The extras recoup a very good historical featurette about the real Sir Thomas More, from the old DVD. Producer Selina Lin gathered three scholars (Dr. John Guy, Dr. Gerard Wegemer, Alison Weir) to give a thoughtful rundown on The Life of Saint Thomas More. The featurette expands on the film's portrait to let us know that More was at least a bit less perfect. A main issue in the Bolt play is that More seeks only silence, but the crown won't leave him in peace. In actuality, More broke his silence after resigning his office by writing many books that could easily be interpreted as critical of the power of monarchs in conflict with the law. So at some level he purposely made himself a thorn in Henry VIII's side.
The new extra is a commentary with Twilight Time's Nick Redman and Julie Kirgo and their frequent co-commentator Lem Dobbs. There's plenty to talk about; TT almost has the Paul Scofield 'great films' list wrapped up, with their excellent Blu-ray of The Train. An original trailer is included, but one made after the movie won all those Oscars. I'd say that it's a shame that studios didn't properly all their advertising campaigns, but I guess we should be happy that they've properly saved some of the movies themselves.
Julie Kirgo's liner notes sketch the politics of the time and happily highlights the involvement of the underappreciated director Fred Zinnemann, who is frequently dismissed by auteur critics yet consistently makes pictures with integrity and that communicate well with the audience. Zinnemann was an incredible artist. He was one of the Berlin wonder boys who worked on People on Sunday, he went to Mexico to make a pro-union art film in the 1930s, and rejected the Director's Guild's attempts to adopt a Thomas More-like Loyalty Oath during the Red Scare, even when the hateful Cecil B. DeMille openly questioned the loyalty of those 'foreign directors' with 'foreign' names, like (pronounced) "Zinn-e-mann. 1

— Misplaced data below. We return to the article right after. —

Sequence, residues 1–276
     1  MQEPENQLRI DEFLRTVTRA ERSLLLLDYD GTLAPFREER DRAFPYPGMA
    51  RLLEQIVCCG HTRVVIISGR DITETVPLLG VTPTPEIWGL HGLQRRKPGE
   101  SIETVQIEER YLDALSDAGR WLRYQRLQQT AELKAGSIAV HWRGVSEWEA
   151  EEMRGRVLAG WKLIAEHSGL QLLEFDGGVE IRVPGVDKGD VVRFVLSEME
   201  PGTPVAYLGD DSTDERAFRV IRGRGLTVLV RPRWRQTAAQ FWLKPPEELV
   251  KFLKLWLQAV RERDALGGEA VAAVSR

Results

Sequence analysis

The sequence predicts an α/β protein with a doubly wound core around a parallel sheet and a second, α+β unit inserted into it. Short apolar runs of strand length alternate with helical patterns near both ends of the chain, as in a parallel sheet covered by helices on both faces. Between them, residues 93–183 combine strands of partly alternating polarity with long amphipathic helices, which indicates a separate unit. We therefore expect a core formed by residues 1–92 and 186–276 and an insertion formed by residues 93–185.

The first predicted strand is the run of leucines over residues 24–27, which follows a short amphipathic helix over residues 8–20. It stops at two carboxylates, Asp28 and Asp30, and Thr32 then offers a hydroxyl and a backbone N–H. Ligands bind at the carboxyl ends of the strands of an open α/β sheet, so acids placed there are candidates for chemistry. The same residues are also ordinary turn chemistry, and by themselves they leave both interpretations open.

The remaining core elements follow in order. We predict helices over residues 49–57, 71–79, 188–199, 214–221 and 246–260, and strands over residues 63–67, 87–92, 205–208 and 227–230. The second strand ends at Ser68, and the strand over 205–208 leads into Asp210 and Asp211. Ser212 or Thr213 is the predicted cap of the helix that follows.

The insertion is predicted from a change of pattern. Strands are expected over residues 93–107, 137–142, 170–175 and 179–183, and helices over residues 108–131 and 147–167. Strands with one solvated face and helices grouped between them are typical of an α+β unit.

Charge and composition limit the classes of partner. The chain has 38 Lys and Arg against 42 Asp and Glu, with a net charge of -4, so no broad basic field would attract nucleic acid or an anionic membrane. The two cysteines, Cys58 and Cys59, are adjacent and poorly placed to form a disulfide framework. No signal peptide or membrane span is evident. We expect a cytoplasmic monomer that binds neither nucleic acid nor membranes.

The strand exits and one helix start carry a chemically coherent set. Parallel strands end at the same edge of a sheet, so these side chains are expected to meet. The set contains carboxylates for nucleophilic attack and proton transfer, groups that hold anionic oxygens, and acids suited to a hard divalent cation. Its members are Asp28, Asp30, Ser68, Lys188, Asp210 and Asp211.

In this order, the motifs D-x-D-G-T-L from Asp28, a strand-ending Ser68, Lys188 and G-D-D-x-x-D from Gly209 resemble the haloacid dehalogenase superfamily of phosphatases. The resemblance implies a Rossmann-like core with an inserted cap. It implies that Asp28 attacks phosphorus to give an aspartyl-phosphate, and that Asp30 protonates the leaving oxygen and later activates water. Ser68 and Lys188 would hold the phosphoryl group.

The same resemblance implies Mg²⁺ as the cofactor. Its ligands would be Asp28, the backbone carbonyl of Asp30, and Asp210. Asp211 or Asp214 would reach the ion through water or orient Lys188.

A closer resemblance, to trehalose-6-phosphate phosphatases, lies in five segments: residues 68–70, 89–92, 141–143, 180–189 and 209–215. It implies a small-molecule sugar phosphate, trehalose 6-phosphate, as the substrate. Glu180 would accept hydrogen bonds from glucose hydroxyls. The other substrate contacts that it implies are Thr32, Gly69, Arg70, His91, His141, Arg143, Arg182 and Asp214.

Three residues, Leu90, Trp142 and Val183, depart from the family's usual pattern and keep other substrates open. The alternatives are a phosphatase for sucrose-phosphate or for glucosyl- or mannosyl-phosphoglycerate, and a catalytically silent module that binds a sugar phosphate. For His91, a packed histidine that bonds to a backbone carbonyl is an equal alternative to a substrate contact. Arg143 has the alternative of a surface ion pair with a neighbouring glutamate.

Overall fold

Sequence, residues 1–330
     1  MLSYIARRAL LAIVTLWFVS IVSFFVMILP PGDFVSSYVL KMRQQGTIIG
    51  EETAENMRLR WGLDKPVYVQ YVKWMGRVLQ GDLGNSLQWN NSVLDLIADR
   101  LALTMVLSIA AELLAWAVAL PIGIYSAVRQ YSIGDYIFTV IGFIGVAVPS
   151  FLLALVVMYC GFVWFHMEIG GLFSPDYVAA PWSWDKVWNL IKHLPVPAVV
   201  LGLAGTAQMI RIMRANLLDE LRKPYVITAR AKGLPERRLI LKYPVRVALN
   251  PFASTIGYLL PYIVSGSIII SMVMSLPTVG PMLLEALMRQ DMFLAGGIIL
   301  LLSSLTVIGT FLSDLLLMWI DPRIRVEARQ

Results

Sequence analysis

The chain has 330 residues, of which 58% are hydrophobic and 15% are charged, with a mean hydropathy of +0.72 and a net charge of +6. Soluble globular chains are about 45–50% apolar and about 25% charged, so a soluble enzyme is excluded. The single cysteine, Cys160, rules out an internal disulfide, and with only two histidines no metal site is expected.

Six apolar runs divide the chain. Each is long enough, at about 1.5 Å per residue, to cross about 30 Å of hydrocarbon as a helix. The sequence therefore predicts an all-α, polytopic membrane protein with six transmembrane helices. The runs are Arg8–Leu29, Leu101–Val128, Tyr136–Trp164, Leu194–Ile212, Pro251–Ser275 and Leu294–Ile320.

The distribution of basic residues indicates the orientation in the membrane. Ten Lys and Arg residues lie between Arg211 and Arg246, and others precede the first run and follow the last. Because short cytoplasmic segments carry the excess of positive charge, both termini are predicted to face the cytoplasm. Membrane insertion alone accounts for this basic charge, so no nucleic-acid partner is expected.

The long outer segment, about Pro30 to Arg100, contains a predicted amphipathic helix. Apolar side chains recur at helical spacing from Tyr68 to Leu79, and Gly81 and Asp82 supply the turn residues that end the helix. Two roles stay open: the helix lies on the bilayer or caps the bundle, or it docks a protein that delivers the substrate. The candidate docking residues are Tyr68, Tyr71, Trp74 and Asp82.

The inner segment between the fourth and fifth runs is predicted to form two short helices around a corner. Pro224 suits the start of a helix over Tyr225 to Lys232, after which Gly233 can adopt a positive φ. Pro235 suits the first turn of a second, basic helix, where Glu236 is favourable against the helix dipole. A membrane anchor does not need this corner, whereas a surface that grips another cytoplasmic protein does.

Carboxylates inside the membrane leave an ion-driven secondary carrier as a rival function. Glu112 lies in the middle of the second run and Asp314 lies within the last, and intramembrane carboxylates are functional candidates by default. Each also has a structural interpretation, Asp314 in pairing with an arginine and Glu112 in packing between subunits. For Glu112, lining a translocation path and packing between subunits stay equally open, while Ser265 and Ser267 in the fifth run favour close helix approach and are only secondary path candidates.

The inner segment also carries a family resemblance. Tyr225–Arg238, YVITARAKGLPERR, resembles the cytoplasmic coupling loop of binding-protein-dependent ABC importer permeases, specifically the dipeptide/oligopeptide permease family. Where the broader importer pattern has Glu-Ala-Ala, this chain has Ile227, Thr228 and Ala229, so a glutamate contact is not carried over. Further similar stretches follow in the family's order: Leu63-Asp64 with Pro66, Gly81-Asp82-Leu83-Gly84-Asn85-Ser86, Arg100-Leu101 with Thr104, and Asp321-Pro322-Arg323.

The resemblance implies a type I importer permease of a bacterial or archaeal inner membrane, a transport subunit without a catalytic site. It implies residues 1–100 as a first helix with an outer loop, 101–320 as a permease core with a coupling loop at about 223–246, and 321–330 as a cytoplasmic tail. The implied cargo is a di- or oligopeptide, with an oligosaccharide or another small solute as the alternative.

A Man for All Seasons is in a way, a 'pure case' example of the way totalitarians, bigots and the just plain power-mad use legal and political systems to crush individuals because they won't conform or 'play the game' with the rest of the sellouts. Twice in Robert Bolt's play we hear the remark, "This isn't Spain, you know." The reference to the Spanish Inquisition, where torture was often used to coerce religious conversions and force confessions, reminds Sir Thomas that things are certainly not like that in England, where the law reigns paramount. Then More must watch as every noble and every institution bends the law to suit the King's will. A Man for All Seasons applies to every abuse of this kind, from show trials to the blacklist.
On a scale of Excellent, Good, Fair, and Poor,
A Man for All Seasons Blu-ray rates:
1. Critcs have been beating Zinnemann's dead-on-arrival Gregory Peck / Anthony Quinn film Behold a Pale Horse forever. The director redeemed himself for that particular misstep with his superb The Day of the Jackal... now where's the Criterion special edition for that masterpiece?
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T'was Ever Thus.